Considering that you have already understood the novel features of the new ILO (International Labour Organisation) Convention. Its easy to understand that The Regulations, which will be approved by parliaments or legislatures during the national ratification processes, not only set out the basic rights of seafarers but also govern the content of the Code, including its possible future content after amendment under the accelerated procedure. Every provision of Part A of the Code must come within the general scope of the Articles or Regulations to be valid. This requirement sometimes leads to a measure of duplication. Will the Convention also require ratifying countries to apply the ILO’s core human rights Conventions or other Conventions mentioned in the new Convention?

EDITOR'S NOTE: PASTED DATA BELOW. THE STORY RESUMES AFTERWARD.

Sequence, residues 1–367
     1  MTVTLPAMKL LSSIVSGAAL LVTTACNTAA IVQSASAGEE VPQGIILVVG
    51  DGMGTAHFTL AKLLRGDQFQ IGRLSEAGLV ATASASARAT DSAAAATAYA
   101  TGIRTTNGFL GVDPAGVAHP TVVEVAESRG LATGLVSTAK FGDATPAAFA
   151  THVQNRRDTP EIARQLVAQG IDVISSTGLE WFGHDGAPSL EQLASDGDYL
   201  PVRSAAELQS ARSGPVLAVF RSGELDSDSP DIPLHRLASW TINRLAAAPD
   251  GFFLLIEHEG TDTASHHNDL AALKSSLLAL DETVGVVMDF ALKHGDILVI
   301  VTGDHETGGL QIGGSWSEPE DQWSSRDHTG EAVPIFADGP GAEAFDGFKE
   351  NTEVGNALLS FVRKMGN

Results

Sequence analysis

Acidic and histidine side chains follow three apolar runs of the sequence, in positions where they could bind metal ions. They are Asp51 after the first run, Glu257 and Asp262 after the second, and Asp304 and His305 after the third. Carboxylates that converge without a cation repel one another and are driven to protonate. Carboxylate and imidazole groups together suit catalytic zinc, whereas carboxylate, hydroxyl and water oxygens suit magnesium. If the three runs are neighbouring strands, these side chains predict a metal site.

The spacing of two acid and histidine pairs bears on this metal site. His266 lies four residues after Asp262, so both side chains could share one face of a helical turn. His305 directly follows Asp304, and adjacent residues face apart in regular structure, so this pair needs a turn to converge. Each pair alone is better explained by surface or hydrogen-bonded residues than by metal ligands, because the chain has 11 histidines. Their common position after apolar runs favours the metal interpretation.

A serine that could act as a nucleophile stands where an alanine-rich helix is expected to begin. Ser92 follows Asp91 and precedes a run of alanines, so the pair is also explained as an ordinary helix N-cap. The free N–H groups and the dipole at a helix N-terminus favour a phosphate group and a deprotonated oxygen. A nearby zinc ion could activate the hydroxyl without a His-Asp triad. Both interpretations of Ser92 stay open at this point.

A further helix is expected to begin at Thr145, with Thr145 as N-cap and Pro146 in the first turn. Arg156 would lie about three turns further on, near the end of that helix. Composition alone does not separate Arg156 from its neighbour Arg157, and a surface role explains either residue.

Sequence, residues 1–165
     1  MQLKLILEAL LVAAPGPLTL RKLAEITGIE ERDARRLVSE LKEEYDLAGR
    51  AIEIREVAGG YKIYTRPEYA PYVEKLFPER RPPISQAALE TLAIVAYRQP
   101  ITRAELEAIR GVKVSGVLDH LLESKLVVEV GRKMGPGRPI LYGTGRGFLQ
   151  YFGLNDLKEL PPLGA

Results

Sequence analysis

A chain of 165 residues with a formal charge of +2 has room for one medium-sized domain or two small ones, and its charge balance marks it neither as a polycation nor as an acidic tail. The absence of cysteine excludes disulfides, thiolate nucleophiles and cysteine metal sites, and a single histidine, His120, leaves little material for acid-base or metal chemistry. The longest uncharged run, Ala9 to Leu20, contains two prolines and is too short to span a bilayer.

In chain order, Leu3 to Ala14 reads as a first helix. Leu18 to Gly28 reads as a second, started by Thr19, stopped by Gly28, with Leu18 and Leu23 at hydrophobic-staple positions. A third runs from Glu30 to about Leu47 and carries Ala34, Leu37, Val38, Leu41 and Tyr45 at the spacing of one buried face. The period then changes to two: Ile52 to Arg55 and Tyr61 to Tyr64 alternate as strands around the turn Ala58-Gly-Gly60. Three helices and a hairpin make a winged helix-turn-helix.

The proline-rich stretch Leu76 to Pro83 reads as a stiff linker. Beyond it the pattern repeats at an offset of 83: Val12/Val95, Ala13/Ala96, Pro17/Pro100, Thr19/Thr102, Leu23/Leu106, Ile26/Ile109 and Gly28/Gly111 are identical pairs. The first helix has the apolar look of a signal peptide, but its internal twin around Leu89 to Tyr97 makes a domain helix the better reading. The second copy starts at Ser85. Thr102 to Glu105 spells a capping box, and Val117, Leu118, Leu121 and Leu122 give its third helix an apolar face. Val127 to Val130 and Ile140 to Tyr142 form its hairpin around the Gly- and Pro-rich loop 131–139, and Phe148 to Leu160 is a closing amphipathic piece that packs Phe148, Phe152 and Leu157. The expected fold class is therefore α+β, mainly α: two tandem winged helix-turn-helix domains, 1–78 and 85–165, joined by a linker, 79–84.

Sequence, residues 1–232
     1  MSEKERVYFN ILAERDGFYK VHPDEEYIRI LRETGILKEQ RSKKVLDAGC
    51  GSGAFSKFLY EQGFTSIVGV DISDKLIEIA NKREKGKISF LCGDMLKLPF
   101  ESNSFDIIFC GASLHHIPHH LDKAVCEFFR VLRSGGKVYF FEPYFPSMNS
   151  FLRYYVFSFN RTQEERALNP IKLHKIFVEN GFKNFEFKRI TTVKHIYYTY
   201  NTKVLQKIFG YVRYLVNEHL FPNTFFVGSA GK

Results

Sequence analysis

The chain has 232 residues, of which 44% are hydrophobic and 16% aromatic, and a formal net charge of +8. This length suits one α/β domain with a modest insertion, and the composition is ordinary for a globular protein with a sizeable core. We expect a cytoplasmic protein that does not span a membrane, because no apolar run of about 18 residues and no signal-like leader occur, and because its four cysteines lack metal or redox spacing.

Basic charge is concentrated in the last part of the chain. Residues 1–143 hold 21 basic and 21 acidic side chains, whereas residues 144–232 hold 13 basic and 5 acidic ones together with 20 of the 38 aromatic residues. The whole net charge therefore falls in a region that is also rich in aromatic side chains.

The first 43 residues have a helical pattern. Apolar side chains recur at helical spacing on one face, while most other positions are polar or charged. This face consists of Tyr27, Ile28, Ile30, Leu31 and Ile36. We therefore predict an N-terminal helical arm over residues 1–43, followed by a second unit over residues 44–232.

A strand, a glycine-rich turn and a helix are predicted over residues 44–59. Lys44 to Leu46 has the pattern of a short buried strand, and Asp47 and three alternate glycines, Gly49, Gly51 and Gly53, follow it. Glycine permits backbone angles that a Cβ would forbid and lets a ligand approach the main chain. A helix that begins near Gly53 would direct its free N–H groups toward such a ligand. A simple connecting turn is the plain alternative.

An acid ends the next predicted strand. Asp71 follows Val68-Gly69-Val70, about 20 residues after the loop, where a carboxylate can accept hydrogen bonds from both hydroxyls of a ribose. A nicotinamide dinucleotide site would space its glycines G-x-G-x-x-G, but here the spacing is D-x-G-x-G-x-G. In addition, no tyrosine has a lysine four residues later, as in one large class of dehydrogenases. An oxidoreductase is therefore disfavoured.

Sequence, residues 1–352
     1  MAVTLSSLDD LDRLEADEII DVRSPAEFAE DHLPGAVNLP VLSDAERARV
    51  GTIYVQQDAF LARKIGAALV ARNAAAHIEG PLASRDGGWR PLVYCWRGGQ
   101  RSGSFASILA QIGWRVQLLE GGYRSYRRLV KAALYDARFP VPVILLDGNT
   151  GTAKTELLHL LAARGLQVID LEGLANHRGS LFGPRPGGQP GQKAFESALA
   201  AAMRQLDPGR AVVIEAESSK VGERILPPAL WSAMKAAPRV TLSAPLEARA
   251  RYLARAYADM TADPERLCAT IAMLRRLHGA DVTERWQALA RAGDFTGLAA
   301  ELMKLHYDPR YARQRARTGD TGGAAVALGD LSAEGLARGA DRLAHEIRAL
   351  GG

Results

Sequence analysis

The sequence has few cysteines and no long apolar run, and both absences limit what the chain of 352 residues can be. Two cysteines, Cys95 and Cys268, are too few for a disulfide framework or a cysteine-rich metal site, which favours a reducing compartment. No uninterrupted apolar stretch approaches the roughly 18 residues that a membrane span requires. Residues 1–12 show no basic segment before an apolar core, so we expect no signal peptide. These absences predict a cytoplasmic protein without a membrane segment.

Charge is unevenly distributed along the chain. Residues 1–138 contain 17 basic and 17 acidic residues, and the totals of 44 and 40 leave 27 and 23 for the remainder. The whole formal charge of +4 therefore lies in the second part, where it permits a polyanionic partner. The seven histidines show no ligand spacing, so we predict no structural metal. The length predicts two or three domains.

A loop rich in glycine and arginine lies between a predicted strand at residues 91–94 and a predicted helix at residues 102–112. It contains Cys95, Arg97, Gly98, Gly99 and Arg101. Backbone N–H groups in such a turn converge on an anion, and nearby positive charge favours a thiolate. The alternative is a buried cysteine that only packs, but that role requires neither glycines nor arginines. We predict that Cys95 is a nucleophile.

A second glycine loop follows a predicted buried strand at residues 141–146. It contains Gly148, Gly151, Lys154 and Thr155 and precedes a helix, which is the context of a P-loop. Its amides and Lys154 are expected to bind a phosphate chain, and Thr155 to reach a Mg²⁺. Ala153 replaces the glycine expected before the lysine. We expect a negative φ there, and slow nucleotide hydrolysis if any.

No, but they will – under Article III of the Convention – have to satisfy themselves that their laws and regulations respect, in the context of the Convention, the fundamental rights, such as freedom of association, that are embodied in the core Conventions (there would be no requirement concerning the actual provisions of those Conventions).
The fact that other international Conventions are referred to in the Preamble or other parts of the Convention does not create a legal obligation, with respect to those Conventions, for a country that ratifies the Maritime Labour Convention, 2006.